Swiftmoth_pupa.JPG (24005 bytes)Swift Moths: The image on the left is not the skin shed by a visitor from another galaxy. It is the pupae case of a large moth that visits our family room door at certain times of the year. Swift Moths (probably Abantiades sp.) are large insects and adults may have a wingspan of 15 centimetres. The larvae feed on the roots of eucalypts and other native plants. They pupate just below the ground surface.
When there is a reasonable fall of rain in late summer or autumn, the pupa push two thirds of the way out of the ground. The case splits and the moth emerges. They are attracted to light and on one occasion literally dozens of moths clustered on our family room door. We closed the curtains so the moths could get on with their lives.
The Swift Moths at Yallaroo have a wingspan of about 10 centimetres and have brown wings and body. As we wander around the property we often find pupa cases either lying on the ground or sticking out of the ground. Aboriginal people used to roast and eat Swift Moth bodies especially along the Murray River.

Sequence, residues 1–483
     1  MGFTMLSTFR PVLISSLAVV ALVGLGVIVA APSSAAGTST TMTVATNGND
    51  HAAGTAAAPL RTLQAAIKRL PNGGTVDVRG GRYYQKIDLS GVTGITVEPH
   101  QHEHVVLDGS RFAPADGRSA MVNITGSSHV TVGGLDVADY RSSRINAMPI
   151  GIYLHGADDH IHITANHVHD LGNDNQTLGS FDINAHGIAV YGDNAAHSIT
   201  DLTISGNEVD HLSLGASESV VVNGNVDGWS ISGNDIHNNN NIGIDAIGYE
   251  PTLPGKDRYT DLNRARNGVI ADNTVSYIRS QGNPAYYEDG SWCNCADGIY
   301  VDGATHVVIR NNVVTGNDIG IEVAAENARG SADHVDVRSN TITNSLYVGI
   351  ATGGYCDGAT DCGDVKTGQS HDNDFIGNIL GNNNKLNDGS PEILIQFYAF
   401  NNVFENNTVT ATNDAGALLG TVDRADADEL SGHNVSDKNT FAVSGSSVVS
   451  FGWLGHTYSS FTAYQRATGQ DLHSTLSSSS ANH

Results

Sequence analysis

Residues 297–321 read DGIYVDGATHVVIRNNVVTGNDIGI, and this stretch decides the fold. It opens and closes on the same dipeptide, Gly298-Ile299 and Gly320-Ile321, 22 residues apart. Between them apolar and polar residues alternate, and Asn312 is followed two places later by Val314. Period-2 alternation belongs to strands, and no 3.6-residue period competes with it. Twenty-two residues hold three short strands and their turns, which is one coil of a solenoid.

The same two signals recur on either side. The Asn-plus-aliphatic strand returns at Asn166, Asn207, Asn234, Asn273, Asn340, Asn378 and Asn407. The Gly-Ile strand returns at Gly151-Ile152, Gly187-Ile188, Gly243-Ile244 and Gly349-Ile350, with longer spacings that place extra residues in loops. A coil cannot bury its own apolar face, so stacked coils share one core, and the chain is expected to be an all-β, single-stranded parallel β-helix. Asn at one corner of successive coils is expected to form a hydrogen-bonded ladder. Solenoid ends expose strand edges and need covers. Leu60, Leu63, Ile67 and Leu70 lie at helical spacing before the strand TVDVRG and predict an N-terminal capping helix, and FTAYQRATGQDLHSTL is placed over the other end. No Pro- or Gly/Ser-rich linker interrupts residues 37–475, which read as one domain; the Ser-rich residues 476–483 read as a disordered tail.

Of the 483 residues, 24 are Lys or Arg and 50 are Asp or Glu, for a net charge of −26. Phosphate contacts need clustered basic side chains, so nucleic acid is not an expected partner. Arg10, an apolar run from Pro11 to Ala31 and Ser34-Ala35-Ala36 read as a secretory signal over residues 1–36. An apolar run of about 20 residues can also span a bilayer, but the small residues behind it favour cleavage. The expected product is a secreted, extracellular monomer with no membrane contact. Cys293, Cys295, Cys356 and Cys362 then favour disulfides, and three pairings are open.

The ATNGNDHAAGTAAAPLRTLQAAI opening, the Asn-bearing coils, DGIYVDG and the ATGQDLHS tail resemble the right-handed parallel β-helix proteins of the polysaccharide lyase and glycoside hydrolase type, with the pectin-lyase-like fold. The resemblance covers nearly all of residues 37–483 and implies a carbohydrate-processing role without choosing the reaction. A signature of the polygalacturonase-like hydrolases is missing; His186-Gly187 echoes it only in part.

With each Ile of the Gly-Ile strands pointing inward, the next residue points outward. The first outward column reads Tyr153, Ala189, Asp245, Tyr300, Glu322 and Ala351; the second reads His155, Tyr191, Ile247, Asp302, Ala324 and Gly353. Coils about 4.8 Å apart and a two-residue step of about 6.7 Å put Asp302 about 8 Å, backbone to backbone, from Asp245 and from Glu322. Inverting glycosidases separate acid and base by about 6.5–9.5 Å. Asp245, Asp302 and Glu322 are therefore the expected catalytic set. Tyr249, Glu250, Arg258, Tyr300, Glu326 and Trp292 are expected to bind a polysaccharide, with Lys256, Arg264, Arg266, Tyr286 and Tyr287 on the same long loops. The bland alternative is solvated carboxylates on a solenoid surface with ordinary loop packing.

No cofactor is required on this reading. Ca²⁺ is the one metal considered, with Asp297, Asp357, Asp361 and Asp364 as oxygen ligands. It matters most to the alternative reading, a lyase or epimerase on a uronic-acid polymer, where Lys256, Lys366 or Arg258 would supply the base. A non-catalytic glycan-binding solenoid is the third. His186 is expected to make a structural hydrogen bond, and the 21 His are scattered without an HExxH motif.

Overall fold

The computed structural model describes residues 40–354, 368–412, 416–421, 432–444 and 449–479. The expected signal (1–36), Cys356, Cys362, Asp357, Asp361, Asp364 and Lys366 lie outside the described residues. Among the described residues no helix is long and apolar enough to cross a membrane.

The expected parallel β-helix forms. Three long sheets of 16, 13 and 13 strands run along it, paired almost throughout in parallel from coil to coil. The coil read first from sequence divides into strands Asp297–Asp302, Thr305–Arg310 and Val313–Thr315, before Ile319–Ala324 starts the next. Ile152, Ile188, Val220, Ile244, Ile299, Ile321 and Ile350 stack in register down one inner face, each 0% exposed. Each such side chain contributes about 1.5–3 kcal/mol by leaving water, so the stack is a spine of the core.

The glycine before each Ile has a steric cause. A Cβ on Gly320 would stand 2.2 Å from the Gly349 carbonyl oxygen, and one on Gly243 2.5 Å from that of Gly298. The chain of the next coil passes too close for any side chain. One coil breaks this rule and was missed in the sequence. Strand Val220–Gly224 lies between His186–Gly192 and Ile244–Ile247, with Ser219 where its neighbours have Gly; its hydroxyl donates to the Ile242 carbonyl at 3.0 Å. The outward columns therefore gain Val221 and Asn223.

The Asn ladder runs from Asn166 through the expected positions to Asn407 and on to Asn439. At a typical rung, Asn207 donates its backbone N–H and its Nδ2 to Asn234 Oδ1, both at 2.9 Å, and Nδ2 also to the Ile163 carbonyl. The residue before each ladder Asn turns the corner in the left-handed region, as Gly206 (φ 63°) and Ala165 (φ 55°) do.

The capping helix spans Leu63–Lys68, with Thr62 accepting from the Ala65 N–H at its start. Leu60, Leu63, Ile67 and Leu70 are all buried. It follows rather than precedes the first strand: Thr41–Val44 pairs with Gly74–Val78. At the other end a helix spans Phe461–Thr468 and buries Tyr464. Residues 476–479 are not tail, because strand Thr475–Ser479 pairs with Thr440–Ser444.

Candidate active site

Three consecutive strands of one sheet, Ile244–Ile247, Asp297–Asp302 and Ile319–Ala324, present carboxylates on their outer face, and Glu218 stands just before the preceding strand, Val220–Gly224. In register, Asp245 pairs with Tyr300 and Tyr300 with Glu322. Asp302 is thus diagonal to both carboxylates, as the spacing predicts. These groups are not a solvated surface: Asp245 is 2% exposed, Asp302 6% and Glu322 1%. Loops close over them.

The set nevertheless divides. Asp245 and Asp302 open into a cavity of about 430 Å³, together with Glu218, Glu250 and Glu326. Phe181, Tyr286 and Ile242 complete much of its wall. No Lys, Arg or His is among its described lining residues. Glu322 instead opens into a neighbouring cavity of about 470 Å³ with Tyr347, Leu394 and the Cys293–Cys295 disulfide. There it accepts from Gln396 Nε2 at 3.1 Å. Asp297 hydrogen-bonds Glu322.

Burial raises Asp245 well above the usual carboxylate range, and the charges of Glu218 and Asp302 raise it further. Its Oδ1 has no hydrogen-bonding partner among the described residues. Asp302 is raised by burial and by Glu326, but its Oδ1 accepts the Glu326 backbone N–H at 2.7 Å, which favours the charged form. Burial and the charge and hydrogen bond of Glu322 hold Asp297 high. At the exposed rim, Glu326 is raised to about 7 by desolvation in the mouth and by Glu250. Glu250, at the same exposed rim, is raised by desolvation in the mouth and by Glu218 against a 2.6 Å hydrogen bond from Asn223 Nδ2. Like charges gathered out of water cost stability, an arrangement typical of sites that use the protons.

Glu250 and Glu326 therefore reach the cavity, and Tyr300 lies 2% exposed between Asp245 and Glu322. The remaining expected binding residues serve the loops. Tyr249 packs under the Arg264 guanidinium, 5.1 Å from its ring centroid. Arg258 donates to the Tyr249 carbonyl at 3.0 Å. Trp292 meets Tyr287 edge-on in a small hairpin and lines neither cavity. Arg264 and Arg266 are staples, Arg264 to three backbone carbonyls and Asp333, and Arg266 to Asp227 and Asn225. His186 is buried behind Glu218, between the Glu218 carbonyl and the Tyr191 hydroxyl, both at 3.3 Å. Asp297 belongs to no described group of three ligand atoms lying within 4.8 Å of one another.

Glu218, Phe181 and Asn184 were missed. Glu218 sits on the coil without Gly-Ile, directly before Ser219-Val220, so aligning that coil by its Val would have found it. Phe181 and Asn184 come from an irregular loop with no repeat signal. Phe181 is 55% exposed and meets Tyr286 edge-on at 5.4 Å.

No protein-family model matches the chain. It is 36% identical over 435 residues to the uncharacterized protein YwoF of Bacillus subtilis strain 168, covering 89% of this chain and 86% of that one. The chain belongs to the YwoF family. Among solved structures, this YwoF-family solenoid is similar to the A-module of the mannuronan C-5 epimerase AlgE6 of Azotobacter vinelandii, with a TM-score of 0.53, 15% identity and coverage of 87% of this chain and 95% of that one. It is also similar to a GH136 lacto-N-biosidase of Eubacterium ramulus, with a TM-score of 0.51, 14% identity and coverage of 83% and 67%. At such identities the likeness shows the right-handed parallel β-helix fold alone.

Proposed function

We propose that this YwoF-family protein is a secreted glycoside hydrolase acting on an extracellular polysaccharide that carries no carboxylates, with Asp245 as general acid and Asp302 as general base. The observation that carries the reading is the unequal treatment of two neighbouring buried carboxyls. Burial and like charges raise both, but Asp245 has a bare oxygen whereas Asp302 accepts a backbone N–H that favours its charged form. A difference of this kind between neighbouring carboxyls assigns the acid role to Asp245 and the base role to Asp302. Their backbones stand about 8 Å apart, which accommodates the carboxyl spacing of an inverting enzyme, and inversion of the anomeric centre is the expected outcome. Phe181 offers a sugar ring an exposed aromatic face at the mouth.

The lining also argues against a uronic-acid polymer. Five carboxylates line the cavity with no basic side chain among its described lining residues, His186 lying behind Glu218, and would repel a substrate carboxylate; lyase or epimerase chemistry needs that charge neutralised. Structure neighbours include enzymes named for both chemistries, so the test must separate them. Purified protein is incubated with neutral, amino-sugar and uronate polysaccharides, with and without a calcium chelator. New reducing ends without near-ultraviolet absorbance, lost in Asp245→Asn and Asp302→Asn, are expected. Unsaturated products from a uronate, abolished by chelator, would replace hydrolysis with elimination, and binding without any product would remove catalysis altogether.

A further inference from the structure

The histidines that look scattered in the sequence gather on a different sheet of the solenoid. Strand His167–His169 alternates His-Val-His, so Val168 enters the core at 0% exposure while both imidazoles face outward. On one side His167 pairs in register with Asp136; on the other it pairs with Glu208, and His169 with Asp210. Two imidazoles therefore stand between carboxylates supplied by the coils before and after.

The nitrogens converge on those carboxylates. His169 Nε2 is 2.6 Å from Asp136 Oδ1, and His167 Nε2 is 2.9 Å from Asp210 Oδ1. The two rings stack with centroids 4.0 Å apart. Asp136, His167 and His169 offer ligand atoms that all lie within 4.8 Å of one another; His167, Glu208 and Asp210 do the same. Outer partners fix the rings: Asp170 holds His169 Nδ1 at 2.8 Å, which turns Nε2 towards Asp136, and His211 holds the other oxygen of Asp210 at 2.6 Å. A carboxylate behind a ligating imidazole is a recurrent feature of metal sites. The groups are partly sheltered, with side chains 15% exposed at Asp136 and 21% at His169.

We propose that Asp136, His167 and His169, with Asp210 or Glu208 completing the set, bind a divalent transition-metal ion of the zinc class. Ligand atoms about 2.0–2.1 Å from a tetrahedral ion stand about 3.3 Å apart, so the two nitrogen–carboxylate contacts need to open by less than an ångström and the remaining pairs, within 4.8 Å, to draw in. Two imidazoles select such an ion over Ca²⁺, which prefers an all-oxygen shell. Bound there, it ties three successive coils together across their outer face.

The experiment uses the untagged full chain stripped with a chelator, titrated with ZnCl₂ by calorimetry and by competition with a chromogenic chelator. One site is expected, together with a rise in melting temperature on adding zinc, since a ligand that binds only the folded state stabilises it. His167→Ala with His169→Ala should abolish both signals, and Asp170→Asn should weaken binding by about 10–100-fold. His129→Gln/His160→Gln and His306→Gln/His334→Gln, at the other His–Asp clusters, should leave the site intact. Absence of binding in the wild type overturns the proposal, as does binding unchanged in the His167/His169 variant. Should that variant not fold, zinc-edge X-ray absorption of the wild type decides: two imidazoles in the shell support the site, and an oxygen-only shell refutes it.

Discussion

As with many Australian insects little is known about Swift Moth life cycles. It is reputed that the females, of one species lay up to 18,000 eggs (someone was busy counting).
Images of mature Swift Moths may be seen on our Week 3 May 2009 article.
We would be interested in hearing from anyone with knowledge of these interesting insects or any others discussed in our web pages.  Yallaroo@actv8.net.au is our new email address.

Wildlife